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Vitamin For Skin Care

Proper skin care is important because it prevents skin infections such as acne. Taking care of your skin involves routine cleaning. You have to be however careful not to over wash your face because it can stimulate the sebaceous glands to produce more sebum and this may lead to things such as pimples.

Maintaining a flawless skin requires that you supply your body with proper nutrients. Proper care requires that you eat foods that enrich your body with vitamin A. Some of these foods include fresh fruits and vegetables. Be sure therefore to include them in your daily diet. Smoking normally slows down the flow of blood in the blood vessels and it therefore deprives the skin of vital nutrients.

While the use of daily vitamins has for years been recognized as an important part of maintaining health, only recently have researches started paying attention to the relationship between nutritional intake and skin health. Vitamins have long been used in topical skin treatment for their beneficial effects on their skin’s surface and for their antioxidant properties, but obtaining skin benefits via ingested vitamins had not received much attention. Today, a number of studies reveal that certain vitamins and minerals, when taken internally, can positively influence skin appearance, beauty, and a woman’s overall health.

Benefits of Vitamins for Skin :

Vitamin A: Helps with fine lines and wrinkles. As some have learned the hard way, attempting to hide fine lines and wrinkles behind layers of make up is a losing battle. Better to improve the condition of your skin with products containing retinoids. Prescription products like Retin-A and Renova utilize Vitamin A derivatives to great effect, but some people’s skin may react with uncomfortable stinging, redness or scaling. Fortunately, “Retinol,” a non-prescription Vitamin-A derivative contained in many over-the-counter products can provide much of the same benefits with less risk of irritation and sun sensitivity.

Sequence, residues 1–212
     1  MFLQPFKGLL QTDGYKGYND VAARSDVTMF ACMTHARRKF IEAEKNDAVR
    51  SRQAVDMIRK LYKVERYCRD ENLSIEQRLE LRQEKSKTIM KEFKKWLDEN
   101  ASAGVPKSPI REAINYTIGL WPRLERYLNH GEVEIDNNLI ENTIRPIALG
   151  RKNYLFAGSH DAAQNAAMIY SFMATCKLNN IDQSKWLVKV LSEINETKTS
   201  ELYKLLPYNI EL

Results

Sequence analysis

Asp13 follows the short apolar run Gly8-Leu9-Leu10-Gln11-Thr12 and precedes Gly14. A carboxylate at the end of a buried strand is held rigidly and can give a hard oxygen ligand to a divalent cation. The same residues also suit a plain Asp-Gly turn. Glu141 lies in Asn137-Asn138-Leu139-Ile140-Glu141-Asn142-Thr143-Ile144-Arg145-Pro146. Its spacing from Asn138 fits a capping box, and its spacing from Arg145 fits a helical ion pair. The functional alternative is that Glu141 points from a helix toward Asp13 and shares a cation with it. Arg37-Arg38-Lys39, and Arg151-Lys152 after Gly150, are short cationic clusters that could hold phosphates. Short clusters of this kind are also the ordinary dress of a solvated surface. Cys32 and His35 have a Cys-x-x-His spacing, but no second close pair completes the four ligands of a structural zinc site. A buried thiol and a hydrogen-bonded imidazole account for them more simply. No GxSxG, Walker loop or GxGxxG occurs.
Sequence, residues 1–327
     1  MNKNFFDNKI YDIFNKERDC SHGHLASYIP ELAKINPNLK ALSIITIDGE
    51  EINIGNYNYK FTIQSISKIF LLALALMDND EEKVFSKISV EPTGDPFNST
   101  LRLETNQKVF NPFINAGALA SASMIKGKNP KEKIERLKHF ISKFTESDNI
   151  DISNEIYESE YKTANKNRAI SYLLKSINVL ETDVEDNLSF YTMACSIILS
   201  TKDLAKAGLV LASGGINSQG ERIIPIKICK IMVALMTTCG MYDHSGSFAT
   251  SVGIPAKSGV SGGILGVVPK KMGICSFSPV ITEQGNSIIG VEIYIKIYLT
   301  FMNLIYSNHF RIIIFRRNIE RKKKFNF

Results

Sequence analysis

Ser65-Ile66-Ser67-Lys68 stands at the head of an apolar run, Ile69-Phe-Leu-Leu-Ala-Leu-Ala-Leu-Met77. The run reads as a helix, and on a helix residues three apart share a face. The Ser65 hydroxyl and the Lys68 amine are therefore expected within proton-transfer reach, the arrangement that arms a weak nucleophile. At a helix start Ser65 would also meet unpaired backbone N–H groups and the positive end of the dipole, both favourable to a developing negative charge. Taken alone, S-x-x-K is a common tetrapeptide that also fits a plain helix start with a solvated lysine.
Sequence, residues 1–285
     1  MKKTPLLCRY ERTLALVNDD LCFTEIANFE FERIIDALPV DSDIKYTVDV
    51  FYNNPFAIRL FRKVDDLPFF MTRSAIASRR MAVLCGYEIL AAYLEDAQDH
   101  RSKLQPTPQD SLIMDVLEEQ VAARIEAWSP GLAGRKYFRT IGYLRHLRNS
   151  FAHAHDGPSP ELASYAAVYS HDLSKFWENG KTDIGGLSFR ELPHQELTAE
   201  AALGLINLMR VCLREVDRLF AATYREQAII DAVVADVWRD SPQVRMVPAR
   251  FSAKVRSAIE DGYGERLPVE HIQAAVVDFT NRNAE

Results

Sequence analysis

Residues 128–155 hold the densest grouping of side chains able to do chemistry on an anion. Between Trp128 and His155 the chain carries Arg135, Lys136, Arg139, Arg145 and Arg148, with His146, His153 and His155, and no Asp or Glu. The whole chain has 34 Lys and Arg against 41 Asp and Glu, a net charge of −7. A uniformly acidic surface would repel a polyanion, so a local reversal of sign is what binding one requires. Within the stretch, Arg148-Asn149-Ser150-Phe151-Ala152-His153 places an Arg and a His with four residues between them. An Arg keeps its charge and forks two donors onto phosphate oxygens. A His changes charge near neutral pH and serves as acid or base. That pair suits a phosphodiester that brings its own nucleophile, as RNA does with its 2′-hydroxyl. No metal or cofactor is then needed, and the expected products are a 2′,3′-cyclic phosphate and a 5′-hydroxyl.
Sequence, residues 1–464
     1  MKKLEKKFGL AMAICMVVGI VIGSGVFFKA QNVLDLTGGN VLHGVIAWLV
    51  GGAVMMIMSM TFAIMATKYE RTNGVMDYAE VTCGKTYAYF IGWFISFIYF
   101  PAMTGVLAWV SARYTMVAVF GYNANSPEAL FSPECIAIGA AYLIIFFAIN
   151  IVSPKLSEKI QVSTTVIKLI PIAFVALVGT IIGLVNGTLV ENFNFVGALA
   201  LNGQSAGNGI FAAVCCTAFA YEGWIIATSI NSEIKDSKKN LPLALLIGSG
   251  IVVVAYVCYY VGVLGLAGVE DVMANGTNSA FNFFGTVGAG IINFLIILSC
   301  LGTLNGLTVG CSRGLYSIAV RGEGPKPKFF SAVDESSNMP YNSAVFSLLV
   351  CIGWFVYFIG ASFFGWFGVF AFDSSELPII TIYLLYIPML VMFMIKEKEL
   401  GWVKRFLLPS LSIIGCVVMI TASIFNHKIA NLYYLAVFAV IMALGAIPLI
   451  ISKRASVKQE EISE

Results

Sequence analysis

Vitamin B: A healthy glow, moisture retention. Vitamins B-3 (niacin) and B-5 (pantothenic acid) have become popular additions to skin-care products because of their ability to assist in retaining moisture. B-3 is a relatively new ingredient on the marketplace but has demonstrated great promise, offering a milder alternative to acidic exfoliators like glycolic and salicylic acid, which some feel is too harsh for their complexions. B-5 is a more common skin-care additive, and is widely recognized for its (along with vitamin E) moisturizing ability.

Vitamin C: Vitamin C (L-ascorbic acid) has been one of skin-care’s hot sellers for the past several years due to its proven effectiveness as an antioxidant. Antioxidants are a critical natural defense against “free radicals,” unstable molecules that age the skin as a result of pollution, smoking and sun exposure. Topical Vitamin C can protect the skin from UV damage caused by prolonged sun exposure by reducing the amount of free radical formation. However, while it can help safeguard against skin damage and reduce discoloration, it should be used in conjunction with, not in place of, a good sunscreen. Yet another benefit of Vitamin C is its ability to enhance the synthesis of collagen: a critically important skin protein that strengthens structural support and resilience of the skin.

Vitamin E: Though some of the “miraculous” healing claims of Vitamin-E supporters have been exaggerated over the years, it is still widely recognized for its proven ability to help retain moisture in the skin.

Vitamin K: Repairs dark, under-eye circles. night’s sleep is always recommended, topical Vitamin-K is a good additional defense against discoloration under the eyes. Often used as a treatment for spider veins, topical Vitamin K enters through the pores all the way to the damaged capillary or artery and helps to clot the blood, thus stopping any seepage (often the cause of dark circles) and allowing the tissue to heal itself.

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